As the 1980s drew to a close and grunge overtook radio airwaves, many music fans felt like their favorite genre was dying off.
Shawn "Sports" Pop, bassist for the Minneapolis-based band Hairball, grew up as a "hair rock" fanatic and liked some heavier bands too. He wasn't a fan of grunge because of what it did to the American music scene in the early 1990s.
"When ('80s rock) was first going away, I was very mad about it," he said. "Some of the older folks said, 'Don't worry, it will be back.' But when you're younger, at the time it's like forever. 'What am I going to do now? It's 1990.'"
But Shawn was wrong. Today, the '80s bands are seeing their careers revitalized after nearly two decades of being mocked or dismissed. In 2008 alone, Guns N' Roses, Metallica, Judas Priest and Motley Crue all had "awesome albums and big tours," he said.
Hairball, an '80s tribute band, covers some of the biggest bands of the decade, including KISS, Whitesnake, Bon Jovi, Def Leppard, Ozzy Osbourne, Journey and many others.
The band will perform Saturday in Grand Forks, with the show benefiting children and adults with disabilities in northern Minnesota through Arc Headwaters. The music starts at 8 p.m. at River Cities Speedway at the fairgrounds.
Shawn came from a musical family, but at first was more interested in swimming and track than music. Then, when he was 13, fate stepped in. Some friends in junior high school had a band and needed a bassist, and it just happened that Shawn's brother had a bass guitar in the house.
"I traded him a boombox for it," he said. "I kind of fell into that and just took off from there. It's a little funny that I made a career out of playing the very first songs I learned how to play."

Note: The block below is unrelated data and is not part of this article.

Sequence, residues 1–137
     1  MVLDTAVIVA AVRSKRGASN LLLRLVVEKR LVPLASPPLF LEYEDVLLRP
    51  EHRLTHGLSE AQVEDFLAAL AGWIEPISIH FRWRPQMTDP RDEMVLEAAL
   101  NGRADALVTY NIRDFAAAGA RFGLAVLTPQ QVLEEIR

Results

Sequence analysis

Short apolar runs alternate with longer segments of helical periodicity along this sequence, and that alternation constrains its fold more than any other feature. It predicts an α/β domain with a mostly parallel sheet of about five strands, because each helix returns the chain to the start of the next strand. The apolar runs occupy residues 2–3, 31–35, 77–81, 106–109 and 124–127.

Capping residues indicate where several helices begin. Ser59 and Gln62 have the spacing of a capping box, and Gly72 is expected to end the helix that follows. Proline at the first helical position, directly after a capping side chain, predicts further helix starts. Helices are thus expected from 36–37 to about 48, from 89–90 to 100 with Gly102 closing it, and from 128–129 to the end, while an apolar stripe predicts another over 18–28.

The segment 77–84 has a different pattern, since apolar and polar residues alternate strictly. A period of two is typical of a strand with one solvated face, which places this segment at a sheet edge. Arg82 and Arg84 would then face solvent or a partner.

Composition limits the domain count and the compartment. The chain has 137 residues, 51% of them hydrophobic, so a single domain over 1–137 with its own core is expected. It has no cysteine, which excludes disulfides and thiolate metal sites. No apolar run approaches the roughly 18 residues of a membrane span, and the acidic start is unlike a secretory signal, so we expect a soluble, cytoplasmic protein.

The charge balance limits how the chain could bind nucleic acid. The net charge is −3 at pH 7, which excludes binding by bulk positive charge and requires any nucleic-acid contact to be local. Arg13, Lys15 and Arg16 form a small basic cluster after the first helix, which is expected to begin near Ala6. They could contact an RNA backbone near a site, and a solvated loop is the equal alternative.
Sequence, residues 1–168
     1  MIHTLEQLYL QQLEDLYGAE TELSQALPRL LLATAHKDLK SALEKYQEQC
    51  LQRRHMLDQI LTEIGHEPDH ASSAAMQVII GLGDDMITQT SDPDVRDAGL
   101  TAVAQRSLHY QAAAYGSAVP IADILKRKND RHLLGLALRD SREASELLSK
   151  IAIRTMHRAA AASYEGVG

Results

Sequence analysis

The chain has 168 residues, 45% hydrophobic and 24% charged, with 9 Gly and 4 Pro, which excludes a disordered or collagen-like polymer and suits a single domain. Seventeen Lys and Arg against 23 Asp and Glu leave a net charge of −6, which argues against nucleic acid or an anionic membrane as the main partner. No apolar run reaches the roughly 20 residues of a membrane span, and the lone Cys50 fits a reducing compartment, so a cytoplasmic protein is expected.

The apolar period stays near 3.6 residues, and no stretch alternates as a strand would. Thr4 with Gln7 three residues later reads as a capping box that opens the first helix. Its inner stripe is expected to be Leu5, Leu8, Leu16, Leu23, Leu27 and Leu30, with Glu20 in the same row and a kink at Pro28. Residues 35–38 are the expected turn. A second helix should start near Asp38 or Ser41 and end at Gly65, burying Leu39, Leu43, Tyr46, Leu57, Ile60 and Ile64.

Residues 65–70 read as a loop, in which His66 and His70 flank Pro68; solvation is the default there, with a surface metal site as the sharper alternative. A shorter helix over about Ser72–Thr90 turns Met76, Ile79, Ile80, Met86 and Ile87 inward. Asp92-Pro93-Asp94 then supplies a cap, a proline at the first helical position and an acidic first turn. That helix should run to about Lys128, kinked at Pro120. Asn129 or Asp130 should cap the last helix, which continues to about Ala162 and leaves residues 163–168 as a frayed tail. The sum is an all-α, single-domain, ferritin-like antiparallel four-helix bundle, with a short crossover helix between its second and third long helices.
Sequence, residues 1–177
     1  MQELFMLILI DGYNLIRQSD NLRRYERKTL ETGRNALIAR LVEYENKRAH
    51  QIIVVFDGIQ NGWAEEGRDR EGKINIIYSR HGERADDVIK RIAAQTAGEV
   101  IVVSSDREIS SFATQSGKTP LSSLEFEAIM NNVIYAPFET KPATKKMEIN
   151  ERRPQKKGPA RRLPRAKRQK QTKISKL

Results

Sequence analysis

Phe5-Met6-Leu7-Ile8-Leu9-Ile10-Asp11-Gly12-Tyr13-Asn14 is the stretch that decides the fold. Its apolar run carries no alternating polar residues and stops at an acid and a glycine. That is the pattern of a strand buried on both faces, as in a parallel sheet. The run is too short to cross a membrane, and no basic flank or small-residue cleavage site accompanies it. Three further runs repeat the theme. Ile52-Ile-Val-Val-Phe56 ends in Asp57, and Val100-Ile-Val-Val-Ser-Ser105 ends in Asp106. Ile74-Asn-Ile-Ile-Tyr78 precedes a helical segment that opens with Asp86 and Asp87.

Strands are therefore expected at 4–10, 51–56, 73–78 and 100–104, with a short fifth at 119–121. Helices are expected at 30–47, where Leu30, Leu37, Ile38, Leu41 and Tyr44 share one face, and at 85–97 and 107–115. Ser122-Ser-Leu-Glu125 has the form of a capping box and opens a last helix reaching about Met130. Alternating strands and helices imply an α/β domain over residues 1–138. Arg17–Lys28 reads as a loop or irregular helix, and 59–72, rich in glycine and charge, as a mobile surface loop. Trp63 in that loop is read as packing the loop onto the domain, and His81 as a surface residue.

Hairball was formed in 2001, but Shawn didn't join until 2006. Originally the band was "just a spoof on this era of music that was very popular," and at the time, "it quite honestly wasn't that good."
After lineup changes of everyone but the original drummer, the band is "absolutely a whole different animal now."
Shawn said his band has faced agents and promoters who told the musicians that they wouldn't get very far as a cover band. There were certain goals they could maybe reach, but they shouldn't expect to become a big name.
"We've just obliterated all those notions, and we're on uncharted ground right now," he said. "I'm working really hard and promoting the hell out of it, and we'll see where it ends up."
What makes his band stand out, he said, is that they put on a "full-on arena rock tribute" that's fun and funny because it is inspired by the excessive and ridiculous 1980s. Hairball goes through as many as 20 costume changes in one show, and the two singers trade off the microphone every few songs to keep the music rolling.
He said their shows aren't corny, and the band's musicians are strong enough to put to shame a lot of the original musicians that they cover.
"It's as authentic as being a part of that era as you can get," he said. "No one can touch us pretty much."
One of the vocalists even does some Prince songs from the "Purple Rain" era, but Shawn emphasized that those tunes are about as pop as the band gets. Prince was a giant character, he said, and it's interesting to throw some of his big songs in the middle of a set between Motley Crue and Guns N' Roses.
"It takes people by surprise, and it's done very, very well," he said.
The unique rotating list of bands they cover has helped Hairball develop quite the reputation in Fargo, and some of their performances at The Venue have drawn more than 2,500 people. Fargo recently won a bidding war to get the band for a New Year's Eve gig.
But as they continue to get more fans and help people develop a whole new respect for '80s music, it's hard to know just how much fame and success Hairball will see in the coming years.
"We'll be on the 50-yard line at the Super Bowl," Shawn said. "Who's to say? It's a pretty ambitious goal, but why not? I don't want to limit myself to these goals, so I better have a fairly unachievable goal to shoot for."